But that figure now looks unrealistic. Nearly 3,500 people have already been accounted for, with unknown numbers still buried under the rubble.
Five days after the collapse a woman named Shahina was found alive.
But Shahina could not be rescued, as a fire sparked by metal cutting machines killed her on 28 April. One of the rescuers later died in hospital from burns sustained during the abortive rescue.
It was not expected that more survivors would be found, and rescuers switched their focus to recovering bodies.
Then another round of distrust about numbers was kicked off by none other than Maj Gen Hasan Suhrawardy, the man in charge of the recovery operation at the site.
On 1 May, he told journalists that only 149 people were missing, raising heckles across the social landscape. Even senior government officials expressed doubts about the figure.
Workers rescued from the site said many people had tried to escape down a stairway at the back of the building. They insisted that many bodies lay in that part of the building.
It appeared the general had used a list which local administration officials had stopped using. The police had their own, much larger list, based on people registering names of their missing relatives.
Officials worried that many names were appearing several times in different lists. They also worried that fraudsters might be at work, registering fake names to get compensation.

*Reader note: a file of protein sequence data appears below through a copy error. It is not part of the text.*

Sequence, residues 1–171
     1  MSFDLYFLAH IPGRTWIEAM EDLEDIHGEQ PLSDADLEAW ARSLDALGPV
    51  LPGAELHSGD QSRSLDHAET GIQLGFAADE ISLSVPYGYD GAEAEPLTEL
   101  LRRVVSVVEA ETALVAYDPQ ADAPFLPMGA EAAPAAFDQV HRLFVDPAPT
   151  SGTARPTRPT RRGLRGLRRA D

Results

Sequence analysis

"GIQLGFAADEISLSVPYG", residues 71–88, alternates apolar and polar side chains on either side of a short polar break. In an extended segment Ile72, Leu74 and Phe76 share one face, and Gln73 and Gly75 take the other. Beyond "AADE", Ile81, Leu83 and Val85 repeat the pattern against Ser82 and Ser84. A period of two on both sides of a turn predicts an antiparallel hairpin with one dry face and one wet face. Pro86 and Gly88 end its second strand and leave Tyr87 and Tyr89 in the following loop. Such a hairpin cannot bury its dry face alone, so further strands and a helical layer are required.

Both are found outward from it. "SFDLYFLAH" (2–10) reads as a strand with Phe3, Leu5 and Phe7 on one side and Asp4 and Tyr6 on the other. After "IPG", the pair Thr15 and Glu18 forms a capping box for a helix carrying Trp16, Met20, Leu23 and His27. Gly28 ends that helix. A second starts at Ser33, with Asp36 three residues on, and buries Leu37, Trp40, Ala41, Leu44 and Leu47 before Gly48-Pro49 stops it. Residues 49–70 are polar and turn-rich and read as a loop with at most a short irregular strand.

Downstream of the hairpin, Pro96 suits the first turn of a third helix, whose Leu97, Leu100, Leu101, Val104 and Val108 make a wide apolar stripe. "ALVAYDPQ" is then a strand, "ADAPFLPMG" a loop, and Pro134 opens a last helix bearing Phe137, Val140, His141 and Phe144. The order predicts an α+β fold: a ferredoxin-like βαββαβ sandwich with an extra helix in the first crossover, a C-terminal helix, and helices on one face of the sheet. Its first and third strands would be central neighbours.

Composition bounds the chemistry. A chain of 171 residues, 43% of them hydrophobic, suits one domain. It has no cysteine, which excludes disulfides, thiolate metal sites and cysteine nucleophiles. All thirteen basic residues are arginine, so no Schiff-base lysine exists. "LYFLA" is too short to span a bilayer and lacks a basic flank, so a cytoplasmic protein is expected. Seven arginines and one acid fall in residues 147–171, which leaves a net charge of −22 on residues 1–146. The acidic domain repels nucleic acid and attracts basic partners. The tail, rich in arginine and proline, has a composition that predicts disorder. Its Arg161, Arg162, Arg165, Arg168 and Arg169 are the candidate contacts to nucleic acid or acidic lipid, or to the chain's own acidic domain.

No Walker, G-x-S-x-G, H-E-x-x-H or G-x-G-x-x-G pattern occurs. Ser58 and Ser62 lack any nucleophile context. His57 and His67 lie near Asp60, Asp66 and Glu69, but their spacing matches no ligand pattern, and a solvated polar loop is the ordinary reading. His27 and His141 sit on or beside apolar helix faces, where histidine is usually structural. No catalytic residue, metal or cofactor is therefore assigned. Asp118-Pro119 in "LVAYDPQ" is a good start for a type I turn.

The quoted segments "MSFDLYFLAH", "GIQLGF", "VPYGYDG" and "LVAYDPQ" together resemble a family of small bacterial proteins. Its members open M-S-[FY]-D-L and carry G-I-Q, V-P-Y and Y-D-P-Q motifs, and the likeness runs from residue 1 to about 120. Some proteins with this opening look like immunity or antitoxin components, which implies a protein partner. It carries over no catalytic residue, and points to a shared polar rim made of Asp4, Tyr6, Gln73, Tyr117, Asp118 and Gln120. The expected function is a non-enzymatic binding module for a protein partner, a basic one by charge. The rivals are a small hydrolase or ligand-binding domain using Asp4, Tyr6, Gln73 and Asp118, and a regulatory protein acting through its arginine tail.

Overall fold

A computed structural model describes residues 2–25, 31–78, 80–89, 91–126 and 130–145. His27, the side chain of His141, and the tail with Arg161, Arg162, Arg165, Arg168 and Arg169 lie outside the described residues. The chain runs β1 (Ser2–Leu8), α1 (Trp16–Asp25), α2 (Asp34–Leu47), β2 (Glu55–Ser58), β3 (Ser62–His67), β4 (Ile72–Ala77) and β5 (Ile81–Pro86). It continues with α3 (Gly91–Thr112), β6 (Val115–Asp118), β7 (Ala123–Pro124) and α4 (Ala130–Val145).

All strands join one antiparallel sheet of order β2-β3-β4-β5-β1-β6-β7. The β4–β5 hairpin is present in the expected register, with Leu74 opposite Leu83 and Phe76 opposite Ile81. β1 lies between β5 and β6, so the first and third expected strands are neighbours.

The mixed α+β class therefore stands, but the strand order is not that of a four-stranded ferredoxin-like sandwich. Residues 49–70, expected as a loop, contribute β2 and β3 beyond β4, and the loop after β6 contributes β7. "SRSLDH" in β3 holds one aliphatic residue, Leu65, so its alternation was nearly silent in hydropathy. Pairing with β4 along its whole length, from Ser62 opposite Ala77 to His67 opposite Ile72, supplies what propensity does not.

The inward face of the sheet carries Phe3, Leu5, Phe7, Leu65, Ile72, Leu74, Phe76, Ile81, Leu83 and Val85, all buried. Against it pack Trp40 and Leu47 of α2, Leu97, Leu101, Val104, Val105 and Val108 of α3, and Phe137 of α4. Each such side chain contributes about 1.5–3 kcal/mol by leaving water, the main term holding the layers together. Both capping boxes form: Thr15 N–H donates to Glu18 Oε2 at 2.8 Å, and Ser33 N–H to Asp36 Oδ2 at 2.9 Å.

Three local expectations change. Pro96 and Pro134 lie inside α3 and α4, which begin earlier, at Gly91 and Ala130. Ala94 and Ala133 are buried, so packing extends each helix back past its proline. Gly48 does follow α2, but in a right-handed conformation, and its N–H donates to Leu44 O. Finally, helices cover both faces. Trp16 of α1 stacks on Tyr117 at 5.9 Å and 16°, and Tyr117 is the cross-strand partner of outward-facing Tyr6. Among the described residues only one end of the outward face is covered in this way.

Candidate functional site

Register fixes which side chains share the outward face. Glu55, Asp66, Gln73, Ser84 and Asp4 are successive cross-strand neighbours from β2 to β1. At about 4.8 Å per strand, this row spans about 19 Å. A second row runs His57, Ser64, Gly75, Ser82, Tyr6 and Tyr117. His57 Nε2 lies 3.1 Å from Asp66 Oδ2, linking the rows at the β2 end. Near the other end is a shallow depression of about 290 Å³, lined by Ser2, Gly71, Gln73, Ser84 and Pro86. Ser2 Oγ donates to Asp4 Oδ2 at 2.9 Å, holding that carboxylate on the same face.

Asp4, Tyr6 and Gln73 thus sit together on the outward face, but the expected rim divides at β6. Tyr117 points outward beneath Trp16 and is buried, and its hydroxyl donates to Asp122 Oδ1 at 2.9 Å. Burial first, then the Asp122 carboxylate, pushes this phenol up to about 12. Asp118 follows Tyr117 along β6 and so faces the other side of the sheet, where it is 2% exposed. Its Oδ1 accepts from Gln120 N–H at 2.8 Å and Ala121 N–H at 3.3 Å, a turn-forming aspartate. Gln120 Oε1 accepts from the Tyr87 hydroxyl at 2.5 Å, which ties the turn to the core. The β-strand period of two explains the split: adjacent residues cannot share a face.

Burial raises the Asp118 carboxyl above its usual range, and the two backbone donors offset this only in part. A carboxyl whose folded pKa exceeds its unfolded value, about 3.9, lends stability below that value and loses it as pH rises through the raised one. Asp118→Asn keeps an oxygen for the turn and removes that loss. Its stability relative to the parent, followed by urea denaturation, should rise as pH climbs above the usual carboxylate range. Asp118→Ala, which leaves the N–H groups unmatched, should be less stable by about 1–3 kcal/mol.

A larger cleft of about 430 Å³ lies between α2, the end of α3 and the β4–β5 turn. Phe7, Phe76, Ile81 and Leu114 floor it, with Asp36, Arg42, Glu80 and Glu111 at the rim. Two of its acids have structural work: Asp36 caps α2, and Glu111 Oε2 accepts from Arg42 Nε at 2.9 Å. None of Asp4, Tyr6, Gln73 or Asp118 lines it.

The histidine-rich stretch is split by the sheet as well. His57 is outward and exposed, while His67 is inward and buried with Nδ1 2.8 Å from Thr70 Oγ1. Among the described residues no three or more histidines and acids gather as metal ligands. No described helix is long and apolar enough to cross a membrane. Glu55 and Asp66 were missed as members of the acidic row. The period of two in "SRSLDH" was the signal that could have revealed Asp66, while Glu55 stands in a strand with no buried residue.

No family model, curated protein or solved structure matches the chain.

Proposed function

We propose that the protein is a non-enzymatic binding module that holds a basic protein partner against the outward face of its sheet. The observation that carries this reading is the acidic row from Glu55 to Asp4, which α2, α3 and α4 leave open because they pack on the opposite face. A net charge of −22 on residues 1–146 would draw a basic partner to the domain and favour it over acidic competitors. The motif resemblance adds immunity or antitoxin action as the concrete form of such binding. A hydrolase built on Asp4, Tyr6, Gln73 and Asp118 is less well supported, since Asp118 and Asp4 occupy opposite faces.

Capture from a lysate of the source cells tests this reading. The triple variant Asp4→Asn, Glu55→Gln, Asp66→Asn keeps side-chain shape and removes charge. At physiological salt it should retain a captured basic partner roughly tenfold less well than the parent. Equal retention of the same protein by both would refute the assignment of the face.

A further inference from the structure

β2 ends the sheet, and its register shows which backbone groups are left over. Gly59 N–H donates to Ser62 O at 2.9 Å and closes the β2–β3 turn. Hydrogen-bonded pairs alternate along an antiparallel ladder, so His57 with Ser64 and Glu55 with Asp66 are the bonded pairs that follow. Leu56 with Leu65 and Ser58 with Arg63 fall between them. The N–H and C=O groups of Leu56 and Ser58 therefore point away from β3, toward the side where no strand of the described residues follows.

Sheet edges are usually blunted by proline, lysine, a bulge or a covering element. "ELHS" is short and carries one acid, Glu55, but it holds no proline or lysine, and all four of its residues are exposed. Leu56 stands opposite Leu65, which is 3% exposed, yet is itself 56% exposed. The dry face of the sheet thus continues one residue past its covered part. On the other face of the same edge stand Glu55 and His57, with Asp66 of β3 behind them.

As a result of the confusion, all lists were taken down and officials stopped talking about the number missing.
But more fuel was added to the fire by former Prime Minister Khaleda Zia, leader of the main opposition, the Bangladesh Nationalist Party.
Addressing a big rally in
on 4 May, Mrs Zia accused the government of ''disappearing'' 900 bodies.
The opposition leader did not quote any source, but it reflected a sense of frustration and distrust among relatives of those missing.
Hundreds of relatives of the missing waited at the site everyday, desperate to ensure they at least got the body of their loved one so they could be buried properly.
But rumours soon spread that the army was about to bulldoze the site. Rumours were also spread that trucks removing debris from the site were being used to take away dead bodies.
Anger and frustration spilled over on one or two occasions and relatives, aided by locals, blocked army vehicles carrying debris.
Painstaking work by officials finally calmed the situation. The army made it clear there would be no bulldozing and that every effort would be made to recover any remaining bodies.
The military and fire brigade decided to use heavy equipment sparingly, only after ensuring that no body was left to be recovered.
It is perhaps this painstaking, time-consuming, brick-by-brick search for bodies that has allowed the rescuers to find a woman alive in the rubble on Friday, 12 days after the last survivor was found and 17 days after the building went down.
First appeared in BBC online, 10 May 2013
Sabir Mustafa, Editor, BBC Bengali service